Talking to Women by Nell Dunn: a welcome reissue of a radical work by Barbara Ellen
This article has been published on the The Observer/Guardian website. It begins:
It’s easy to understand how Nell Dunn’s Talking to Women had such a powerful impact when it was first published in 1964. In the foreword for the new edition, author Ali Smith describes it as “one of the first books to address the complications of the female self”. Smith views its common theme as: “The radical necessity of giving and having voice. Its interviewees admit and repeat both desire and difficulty in just, well, talking.”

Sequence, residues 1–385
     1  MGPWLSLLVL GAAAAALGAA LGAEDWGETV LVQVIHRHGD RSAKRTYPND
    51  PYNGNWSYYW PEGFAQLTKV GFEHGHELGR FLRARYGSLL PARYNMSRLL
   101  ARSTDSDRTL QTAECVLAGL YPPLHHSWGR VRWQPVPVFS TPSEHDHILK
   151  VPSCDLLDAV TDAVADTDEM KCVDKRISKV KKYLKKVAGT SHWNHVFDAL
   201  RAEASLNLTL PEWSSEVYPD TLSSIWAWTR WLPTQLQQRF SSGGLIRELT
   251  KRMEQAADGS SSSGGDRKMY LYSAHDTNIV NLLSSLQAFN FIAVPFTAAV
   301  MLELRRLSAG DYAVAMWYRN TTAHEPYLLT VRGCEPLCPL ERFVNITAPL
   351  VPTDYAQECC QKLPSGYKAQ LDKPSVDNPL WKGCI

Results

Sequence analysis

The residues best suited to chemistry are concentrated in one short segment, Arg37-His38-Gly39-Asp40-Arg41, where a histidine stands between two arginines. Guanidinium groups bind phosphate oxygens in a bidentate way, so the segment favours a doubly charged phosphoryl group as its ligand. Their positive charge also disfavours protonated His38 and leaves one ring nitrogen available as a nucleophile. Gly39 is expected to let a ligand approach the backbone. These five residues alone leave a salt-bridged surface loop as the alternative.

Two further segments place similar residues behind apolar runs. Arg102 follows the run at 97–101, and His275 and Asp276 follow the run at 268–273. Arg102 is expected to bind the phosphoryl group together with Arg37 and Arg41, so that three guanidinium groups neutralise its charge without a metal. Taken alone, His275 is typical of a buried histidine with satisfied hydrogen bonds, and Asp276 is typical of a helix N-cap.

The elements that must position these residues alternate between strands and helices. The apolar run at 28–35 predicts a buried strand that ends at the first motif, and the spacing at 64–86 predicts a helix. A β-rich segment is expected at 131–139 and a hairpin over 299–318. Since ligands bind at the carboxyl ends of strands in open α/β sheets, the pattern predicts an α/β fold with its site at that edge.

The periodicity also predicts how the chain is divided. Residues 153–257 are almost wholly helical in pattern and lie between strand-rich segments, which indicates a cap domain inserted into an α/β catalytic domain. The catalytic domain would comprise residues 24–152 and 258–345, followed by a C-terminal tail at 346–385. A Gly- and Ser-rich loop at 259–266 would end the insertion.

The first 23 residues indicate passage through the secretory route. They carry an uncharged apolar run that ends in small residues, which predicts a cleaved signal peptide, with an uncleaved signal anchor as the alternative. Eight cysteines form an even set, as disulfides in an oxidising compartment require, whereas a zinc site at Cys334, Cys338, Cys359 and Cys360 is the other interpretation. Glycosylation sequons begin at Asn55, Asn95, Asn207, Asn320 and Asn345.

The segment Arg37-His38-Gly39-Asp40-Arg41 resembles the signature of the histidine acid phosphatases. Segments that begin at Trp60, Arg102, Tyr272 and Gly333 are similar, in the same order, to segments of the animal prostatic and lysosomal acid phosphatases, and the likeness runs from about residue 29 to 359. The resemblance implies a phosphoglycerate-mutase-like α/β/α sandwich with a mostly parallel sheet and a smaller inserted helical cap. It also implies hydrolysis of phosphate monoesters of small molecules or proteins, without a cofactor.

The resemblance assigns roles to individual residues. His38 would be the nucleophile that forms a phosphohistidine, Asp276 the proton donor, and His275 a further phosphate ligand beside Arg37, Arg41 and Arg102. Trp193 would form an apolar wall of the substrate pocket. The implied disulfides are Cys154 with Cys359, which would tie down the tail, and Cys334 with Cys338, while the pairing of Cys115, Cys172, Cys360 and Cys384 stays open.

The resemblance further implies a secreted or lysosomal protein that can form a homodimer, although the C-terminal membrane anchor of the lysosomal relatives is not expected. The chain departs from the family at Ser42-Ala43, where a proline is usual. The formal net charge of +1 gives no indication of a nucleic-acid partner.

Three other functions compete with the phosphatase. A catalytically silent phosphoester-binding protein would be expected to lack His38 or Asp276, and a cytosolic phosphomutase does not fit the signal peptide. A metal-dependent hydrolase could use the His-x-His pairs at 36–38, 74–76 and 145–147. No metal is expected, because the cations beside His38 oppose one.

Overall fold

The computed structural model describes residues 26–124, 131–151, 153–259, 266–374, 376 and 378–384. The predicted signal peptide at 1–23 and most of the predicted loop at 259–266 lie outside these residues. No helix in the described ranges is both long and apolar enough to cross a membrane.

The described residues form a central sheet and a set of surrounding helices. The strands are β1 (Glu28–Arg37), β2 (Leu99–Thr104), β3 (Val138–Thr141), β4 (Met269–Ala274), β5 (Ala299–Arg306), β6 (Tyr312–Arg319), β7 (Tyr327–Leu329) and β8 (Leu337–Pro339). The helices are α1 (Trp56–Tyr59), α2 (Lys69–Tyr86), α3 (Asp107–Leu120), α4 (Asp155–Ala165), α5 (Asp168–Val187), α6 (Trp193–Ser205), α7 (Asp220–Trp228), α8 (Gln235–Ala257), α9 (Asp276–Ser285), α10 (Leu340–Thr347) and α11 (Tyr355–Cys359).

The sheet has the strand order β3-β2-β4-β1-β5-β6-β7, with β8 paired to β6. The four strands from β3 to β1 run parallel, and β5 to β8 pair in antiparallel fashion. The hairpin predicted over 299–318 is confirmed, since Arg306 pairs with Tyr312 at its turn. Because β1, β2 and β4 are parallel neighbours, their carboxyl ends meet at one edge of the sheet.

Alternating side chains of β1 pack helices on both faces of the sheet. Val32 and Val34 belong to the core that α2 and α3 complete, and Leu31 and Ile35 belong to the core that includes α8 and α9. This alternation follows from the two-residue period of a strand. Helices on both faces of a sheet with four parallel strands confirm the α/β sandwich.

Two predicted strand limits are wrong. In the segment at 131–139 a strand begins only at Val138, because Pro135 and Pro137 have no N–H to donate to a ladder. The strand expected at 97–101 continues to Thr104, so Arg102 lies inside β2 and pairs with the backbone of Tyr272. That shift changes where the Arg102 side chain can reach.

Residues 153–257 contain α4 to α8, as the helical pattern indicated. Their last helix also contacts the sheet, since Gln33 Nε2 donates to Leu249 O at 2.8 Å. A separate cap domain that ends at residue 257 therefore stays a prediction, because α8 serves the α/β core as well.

And talking is exactly what happens, in a series of in-depth, far-ranging interviews with women, aged from their early 20s to early 30s. Authors, including Edna O’Brien and Ann Quin, artist Pauline Boty and six more women with voices just as vibrant and valid, occasionally sad and haunting, sometimes even anachronistic and grating, cover an array of subjects from men, marriage, sexuality, children, work and emancipation to death, suicide, abortion and everything in between.